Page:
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Monday, 24 November 2014

Britain should strike free trade deal with the EU but quit political union, says Owen Paterson

The Conservatives should reinforce their readiness to quit the European Union by including in their election manifesto a pledge to invoke a clause in the Lisbon Treaty that automatically triggers a two-year negotiation on the terms of a British exit, the former Cabinet minister Owen Paterson will say today in a landmark speech on Britain’s future relationship with Europe. The aim of the negotiation should be to ensure that Britain withdraws from the political aspects of the EU and retains only a free trade arrangement with its continental neighbours.

Invoking Article 50 of the Treaty, the only legally binding path to an EU exit, would enormously strengthen the hand of a future Conservative government in reshaping Britain’s European destiny. The outcome of the talks would then be put to the British people in a referendum in which they would be invited to choose between a “Norway” option of membership of the European Economic Area (EEA) outside the EU or full participation in the European project, which would include joining the euro and signing up to political and economic union.

In his speech to the Business for Britain campaign group at the London headquarters of Policy Exchange, Mr Paterson, who has formed the think-tank UK 2020 to research robust Conservative policies, will say how Britain quits the EU is just as important as why. He will also warn his Eurosceptic allies that he fears that if an In/Out referendum were held shortly after next year’s general election, the establishment, drawing on scare stories such as the potential loss of three million British jobs, would emerge as the likely victor.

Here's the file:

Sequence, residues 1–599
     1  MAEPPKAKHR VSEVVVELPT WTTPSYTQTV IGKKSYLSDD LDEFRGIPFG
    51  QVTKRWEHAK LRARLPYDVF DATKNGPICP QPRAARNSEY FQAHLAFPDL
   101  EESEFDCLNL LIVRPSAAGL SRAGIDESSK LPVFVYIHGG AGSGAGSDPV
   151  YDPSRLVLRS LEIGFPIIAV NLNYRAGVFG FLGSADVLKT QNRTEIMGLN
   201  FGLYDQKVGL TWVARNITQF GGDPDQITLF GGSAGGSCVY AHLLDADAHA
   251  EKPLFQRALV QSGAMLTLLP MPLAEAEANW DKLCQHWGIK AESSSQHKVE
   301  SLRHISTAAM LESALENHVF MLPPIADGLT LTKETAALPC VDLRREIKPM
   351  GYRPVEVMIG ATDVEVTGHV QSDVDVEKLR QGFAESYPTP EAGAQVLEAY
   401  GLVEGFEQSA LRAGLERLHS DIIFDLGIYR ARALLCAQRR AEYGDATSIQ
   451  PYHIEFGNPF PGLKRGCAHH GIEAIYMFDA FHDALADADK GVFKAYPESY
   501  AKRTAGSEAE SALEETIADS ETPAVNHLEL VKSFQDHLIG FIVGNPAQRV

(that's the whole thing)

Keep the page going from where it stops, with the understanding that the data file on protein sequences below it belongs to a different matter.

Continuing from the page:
On immigration, he will say that to gain real border control, it is necessary not just to quit the EU but to replace the European Convention on Human Rights (ECHR) and the Human Rights Act with a new British Bill of Rights, which would stop the “absurdity” of Britain not being able to deport asylum seekers because, according to UK judges, France is not a “safe country”.

Mr Paterson also paints a "positive and optimistic picture of a Britain freed from what he calls the constricting embrace of the European Union." Pointing out that many regulatory agreements, covering vital industries such as car manufacture, agricultural trade and financial services, are now reached at a global level, he says that a Britain outside the EU would gain rather than lose influence. For instance, at present, it has one twenty eighth of one seat on the World Trade Organisation because membership is extended to the EU, not Britain.

Mr Paterson will say in his speech that the euro has turned much of the Continent “into an unhappy land of semi-permanent recession”. "We have now come to the fork in the road. The Eurozone has to become, in effect, a new country to make a full redistributive federal state where there are legitimate means of transferring funds from the wealth creating areas such as Bavaria, Baden-Württemberg or Noord-Brabant to places like Andalucía, the Mezzogiorno and the Peloponnese, where it is simply not possible to create wealth at the rate at which their countries joined the euro."

Mr Paterson will continue by setting out a precise mechanism and timetable for quitting the EU while retaining a friendly trading relationship. He will say the answer to this is to invoke Article 50 of the Lisbon Treaty. It is the only legally binding mechanism that can be used to require the rest of the EU to enter formal negotiations with us, on setting out a new relationship. It allows two years for negotiations, so there would still be time for a referendum in 2017. This would now be on the outcome of the talks, when the details of the settlement would be known.